This is not intended as a walk guide
Before the big freeze arrived in the middle of January, we had endured what seemed to have been weeks of constant wet weather, swelling the rivers to bursting point and topping up reservoirs. Planning routes for our walks became a challenge to find paths with a solid, non-slip surface. This walk ticked just about every box and with the bonus of glorious views to boot.
I parked at the western end of the closed section of Sir William Hill Road. It was pleasantly dry but extremely windy as we set off up the rough track toward the iconic radio mast-topped summit at a height of more than 1,400 feet above sea level. Magnificent views around me were far reaching and all-encompassing so my eyes were wandering in every direction. Landmark summits, strings of Edges, hundreds of acres of pasture divided up into walled enclosures, splodges and strips of woodland full of skeletal trees were in every direction. Above there was even a patch of mackerel sky – evidently a common term for clouds made up of rows of cirrocumulus or altocumulus clouds displaying an undulating, rippling pattern similar in appearance to fish scales, caused by high altitude atmospheric waves (as described by Wikipedia!).
After the track dipped to a puddle-filled depression, it then rose again to pass through a cutting in the hills like a powerful wind tunnel. Beyond this, the old coach road began its long and gradual descent to Grindleford.
Stretching away to our left, Eyam Moor has numerous ancient archaeological sites with no less than three Bronze Age stone circles as well as many prehistoric cairns spread all around.
On reaching a junction and return to tarmac underfoot, we turned right on the road to Eyam.
Up to our right I could clearly see the disused buildings of Ladywash Mine which was a mixed ore mine accessing the Great Hucklow vein until its closure in 1979. Alongside the chimney a cloud of smoke-like vapour was emerging from a capped shaft. The Ladywash shaft acts as an exhaust vent for Mill Dam mine at Great Hucklow which is still in operation. Air and gases are forced through workings beneath which then head up to the surface where they escape.
Ladywash is reputedly haunted. I was told that in the 1970’s a couple of miners clearly heard footsteps making their way up a series of metal ladders from sixty feet below, but nobody appeared at the top or bottom of the shaft. On another occasion miners working deep underground heard running in the tunnel ahead of them which was a dead end, but when they went to investigate there was nobody there!
Nellie and I then came to Mompesson’s Well down a path on the right. A boundary stone here was used during the time of the Eyam plague by residents of the village. They put coins to soak in vinegar as disinfectant in exchange for food and medicines left by people from other villages.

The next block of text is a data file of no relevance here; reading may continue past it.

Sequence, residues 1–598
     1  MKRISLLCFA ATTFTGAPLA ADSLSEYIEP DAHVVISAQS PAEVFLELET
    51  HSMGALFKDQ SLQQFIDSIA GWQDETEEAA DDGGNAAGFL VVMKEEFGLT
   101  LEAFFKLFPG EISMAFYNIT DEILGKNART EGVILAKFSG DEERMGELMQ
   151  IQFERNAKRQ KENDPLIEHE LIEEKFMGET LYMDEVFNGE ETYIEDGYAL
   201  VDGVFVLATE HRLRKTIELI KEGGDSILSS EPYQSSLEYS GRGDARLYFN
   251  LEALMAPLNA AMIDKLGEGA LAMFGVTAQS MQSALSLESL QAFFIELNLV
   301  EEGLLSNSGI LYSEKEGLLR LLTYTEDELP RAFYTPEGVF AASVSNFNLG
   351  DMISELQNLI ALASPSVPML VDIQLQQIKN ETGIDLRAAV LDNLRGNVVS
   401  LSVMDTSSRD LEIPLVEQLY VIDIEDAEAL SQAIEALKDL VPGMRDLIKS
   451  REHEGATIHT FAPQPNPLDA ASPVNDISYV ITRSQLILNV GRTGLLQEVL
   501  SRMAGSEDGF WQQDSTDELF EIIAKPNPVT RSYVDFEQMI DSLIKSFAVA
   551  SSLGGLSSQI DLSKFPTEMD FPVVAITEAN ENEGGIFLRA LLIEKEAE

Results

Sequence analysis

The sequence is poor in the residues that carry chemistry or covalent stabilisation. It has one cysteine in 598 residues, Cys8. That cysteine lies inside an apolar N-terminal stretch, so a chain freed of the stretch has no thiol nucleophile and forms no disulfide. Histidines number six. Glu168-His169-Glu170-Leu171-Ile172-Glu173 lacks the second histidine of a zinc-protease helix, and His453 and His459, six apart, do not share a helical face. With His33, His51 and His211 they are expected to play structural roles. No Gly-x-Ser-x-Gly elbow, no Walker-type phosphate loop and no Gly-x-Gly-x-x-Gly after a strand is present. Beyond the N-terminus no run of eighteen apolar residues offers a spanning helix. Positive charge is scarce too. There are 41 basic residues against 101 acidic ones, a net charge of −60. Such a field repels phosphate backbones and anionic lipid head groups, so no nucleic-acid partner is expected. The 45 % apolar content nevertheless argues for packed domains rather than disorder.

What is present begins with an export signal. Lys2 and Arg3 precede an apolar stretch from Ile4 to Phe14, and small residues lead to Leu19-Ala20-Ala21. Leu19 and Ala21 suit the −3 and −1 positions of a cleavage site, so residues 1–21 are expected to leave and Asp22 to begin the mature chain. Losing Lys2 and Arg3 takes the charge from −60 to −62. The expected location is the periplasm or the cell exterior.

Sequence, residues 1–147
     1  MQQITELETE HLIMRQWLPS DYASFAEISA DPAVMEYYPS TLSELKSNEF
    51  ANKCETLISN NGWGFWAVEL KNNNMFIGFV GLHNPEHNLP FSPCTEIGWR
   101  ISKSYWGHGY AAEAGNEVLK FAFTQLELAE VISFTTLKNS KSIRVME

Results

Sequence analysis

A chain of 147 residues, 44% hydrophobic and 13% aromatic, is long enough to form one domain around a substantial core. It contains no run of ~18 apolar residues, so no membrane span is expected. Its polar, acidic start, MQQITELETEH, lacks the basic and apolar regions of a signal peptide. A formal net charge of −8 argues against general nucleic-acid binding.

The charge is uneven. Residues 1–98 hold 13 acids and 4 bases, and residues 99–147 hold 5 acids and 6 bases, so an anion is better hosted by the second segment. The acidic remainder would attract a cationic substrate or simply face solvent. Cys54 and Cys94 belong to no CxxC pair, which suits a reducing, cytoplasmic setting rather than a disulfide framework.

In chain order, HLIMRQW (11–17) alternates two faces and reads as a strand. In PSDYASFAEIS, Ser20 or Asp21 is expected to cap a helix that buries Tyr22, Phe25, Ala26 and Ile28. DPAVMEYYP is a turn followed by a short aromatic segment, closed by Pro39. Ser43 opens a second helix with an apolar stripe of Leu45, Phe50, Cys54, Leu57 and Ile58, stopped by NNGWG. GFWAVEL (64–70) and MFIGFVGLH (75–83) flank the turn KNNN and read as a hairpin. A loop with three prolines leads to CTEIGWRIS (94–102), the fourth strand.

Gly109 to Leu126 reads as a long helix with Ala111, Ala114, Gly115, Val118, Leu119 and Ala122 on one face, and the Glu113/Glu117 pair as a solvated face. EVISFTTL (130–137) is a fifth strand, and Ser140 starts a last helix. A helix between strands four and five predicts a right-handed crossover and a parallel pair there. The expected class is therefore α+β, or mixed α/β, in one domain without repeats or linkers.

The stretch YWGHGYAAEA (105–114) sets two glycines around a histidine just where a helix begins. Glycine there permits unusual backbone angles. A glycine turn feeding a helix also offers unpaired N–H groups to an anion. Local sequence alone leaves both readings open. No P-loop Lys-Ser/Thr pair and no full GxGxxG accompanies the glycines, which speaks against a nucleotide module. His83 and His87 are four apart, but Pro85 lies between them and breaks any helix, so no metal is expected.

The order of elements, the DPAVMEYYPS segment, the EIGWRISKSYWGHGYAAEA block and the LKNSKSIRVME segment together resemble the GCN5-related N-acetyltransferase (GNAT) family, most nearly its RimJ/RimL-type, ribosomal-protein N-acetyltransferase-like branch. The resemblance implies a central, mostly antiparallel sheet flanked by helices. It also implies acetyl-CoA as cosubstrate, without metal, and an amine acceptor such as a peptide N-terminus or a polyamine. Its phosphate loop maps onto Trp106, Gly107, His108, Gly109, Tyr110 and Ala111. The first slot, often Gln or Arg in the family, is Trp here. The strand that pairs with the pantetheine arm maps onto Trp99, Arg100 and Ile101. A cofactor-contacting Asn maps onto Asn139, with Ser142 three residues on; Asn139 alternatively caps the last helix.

A right at the next junction and we were on our way to Highcliffe with its cluster of characterful houses. Water was cascading off high ground into troughs beside the road that would long ago have gratefully rehydrated passing horses, pack ponies, livestock and people.
This quiet road is a vantage point to look across to the stately pile of Chatsworth House in the far distance. On this particular day, its honey coloured walls were basking in sunlight.
This had only been a short stroll compared to our usual longer distanced hikes, but a dry and mud-free Nellie was loaded back into the car alongside my pair of dry boots which made for a very welcome change.
FOOTNOTE BY NELLIE:
When mum takes me on our little town walks I love to say hello to doggy friends. I must admit that I smile to myself when I see some of them wearing little coats, onesies and even tutus, bow ties or leather booties!
Come on you canines, stand up for yourselves! We should be tough and hardy dogs as we’ve evolved over time to have fur that keeps us warm and paws that should be regularly walked so the pads remain tough and supple. We shouldn’t need to be mollycoddled and dressed up like a dog’s dinner!
Imagine my horror when mum dressed me up the other day in a fleecy-warm, bright red coat and paraded me around the village for all to see. I tried to scurry out of sight but it was too late, I’d been seen. As I type this little blog, word will be spreading amongst the furry residents of Over Haddon that Nellie has gone soft!
Please don’t buy me a bandana or any doggy wellies Mum. If you do I’ll hide under the table and refuse to go out. I’ve a reputation to live up to you know!
I’m your tough as old boots little